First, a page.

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Complex series question

  1. Nov 1, 2007 #1
    This is a question from a homework assignment that I turned in today and it's driving me nuts because I don't know if I did it correctly or not. First of all we have these two questions that seem almost identical:

    Question 1
    Show that the following series converges uniformly in the given region.
    [tex]\displaystyle\sum_{n=1}^{\infty}z^{n}[/tex] for [tex]0\le|z|<R[/tex] and [tex]R<1[/tex]


    Question 2
    Show that the sequence:
    [tex]\displaystyle\left\{x^{n}\right\}^{\infty}_{n=1}[/tex]
    converges uniformly inside [tex]0\le|z|<R[/tex] with [tex]R<1[/tex].​

    How I did question 1:

    [tex]\displaystyle\sum_{n=1}^{\infty}z^{n}= z + z^{2} + z^{3} + \cdots + z^{n} + \cdots[/tex]

    Call the nth partial sum of the series [tex]S_{n}[/tex]:

    [tex]S_{n}= z + z^{2} + z^{3} + \cdots + z^{n}[/tex]

    [tex]zS_{n}= z^{2} + z^{3} + \cdots + z^{n} + z^{n+1}[/tex]

    [tex]S_{n}=\frac{z(1 - z^{n})}{1-z}[/tex]

    Now,

    [tex]\displaystyle\sum_{n=1}^{\infty}z^{n}= \displaystyle\lim_{n\to\infty}S_{n}=\displaystyle\lim_{n\to\infty}\frac{z(1 - z^{n})}{1-z}[/tex]

    [tex]=\frac{z}{1-z}[/tex] because [tex]z^{n}\longrightarrow 0[/tex] for [tex]|z|<1[/tex]

    Now we consider:

    [tex]\left|\frac{z}{1-z} -\frac{z(1 - z^{n})}{1-z}\right| = \frac{|z|^{n}}{|1-z|}< \frac{R^{n}}{1-R}[/tex]

    with [tex]\epsilon>0[/tex] we choose N so that N depends on R and [tex]\epsilon[/tex] but not on on z, so that when [tex]n>N_{R,\epsilon}[/tex]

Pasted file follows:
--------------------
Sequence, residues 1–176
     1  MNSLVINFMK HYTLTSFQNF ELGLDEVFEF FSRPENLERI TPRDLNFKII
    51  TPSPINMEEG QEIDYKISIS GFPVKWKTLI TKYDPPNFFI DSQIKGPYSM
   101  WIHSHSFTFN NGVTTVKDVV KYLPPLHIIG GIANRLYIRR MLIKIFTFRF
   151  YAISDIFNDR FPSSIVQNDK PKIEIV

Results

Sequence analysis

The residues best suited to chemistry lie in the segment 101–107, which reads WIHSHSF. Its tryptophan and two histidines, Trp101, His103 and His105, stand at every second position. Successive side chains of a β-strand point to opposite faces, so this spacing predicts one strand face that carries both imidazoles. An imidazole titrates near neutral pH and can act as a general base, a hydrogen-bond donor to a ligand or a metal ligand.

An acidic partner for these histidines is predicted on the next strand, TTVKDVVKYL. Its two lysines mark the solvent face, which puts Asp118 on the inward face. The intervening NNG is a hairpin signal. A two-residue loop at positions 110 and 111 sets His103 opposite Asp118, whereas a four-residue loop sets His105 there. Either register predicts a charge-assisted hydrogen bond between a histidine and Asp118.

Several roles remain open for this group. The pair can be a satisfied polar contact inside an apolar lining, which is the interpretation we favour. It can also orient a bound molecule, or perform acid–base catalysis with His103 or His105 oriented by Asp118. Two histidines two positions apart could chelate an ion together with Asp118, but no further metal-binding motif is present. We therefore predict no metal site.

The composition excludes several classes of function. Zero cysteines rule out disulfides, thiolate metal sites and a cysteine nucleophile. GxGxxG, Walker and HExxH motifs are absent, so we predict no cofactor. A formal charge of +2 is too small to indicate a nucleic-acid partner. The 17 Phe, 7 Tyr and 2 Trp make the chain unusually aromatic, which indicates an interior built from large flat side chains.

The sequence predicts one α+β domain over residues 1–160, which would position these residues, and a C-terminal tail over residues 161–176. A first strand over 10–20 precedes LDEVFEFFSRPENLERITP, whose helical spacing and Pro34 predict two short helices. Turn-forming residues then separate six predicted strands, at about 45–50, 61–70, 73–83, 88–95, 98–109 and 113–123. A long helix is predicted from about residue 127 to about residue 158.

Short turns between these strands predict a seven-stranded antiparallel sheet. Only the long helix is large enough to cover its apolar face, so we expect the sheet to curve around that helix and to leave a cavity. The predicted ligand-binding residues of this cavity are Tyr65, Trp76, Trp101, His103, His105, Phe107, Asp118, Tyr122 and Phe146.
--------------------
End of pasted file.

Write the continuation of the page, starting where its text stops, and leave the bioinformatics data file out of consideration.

[tex]\frac{R^{n}}{1-R}< \epsilon[/tex]

    Because we can choose such an N the series converges uniformly.

    For question 2 I was confused, If
    [tex]\displaystyle\sum_{n=1}^{\infty}z^{n}[/tex]
    converges then the sequence [tex]\displaystyle\left\{x^{n}\right\}^{\infty}_{n=1}[/tex]

    must be cauchy, right? So as [tex]n\longrightarrow \infty[/tex] the nth term of the series goes to zero. So I thought I'd need to show that there was a N, not dependent on z such that the nth term would be less than [tex]\epsilon[/tex].

    I found:

    [tex]N = \frac{log \epsilon}{log R} + 1[/tex]

    Is that good enough to show uniform convergence?
     
    Last edited: Nov 1, 2007
  2. jcsd
  3. Nov 1, 2007 #2

    Dick

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    Science Advisor
    Homework Helper

    I think you are right. But your language is somewhat confusing. "Uniform convergence" is a term to apply to a sequence of functions. In the first case, the sequence of functions is the partial sums of your series, and yes, they converge uniformly to z/(1-z) over the domain |z|<=R<1. In the second case the sequence of functions is f_n=z^n. And they converge uniformly to zero. And, yeah, the second sequence of function are differences of the first sequence of functions, so if the first sequence of functions converges, the second sequence converges to zero. I'm a little confused about what the question is.
     
  4. Nov 1, 2007 #3
    I just didn't know if ai was waaaaaay off base or not about what the 2nd quetions was asking-- and I wanted to know if I did the first one right.

    And I like typing things in latex... that's all! :smile:

    Thanks for responding.
     
  5. Nov 1, 2007 #4

    Dick

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    Science Advisor
    Homework Helper

    You could install a latex compiler and typeset mathematics equations to your hearts content in the privacy of your own home. Anyway, it looks pretty much ok to me.
     
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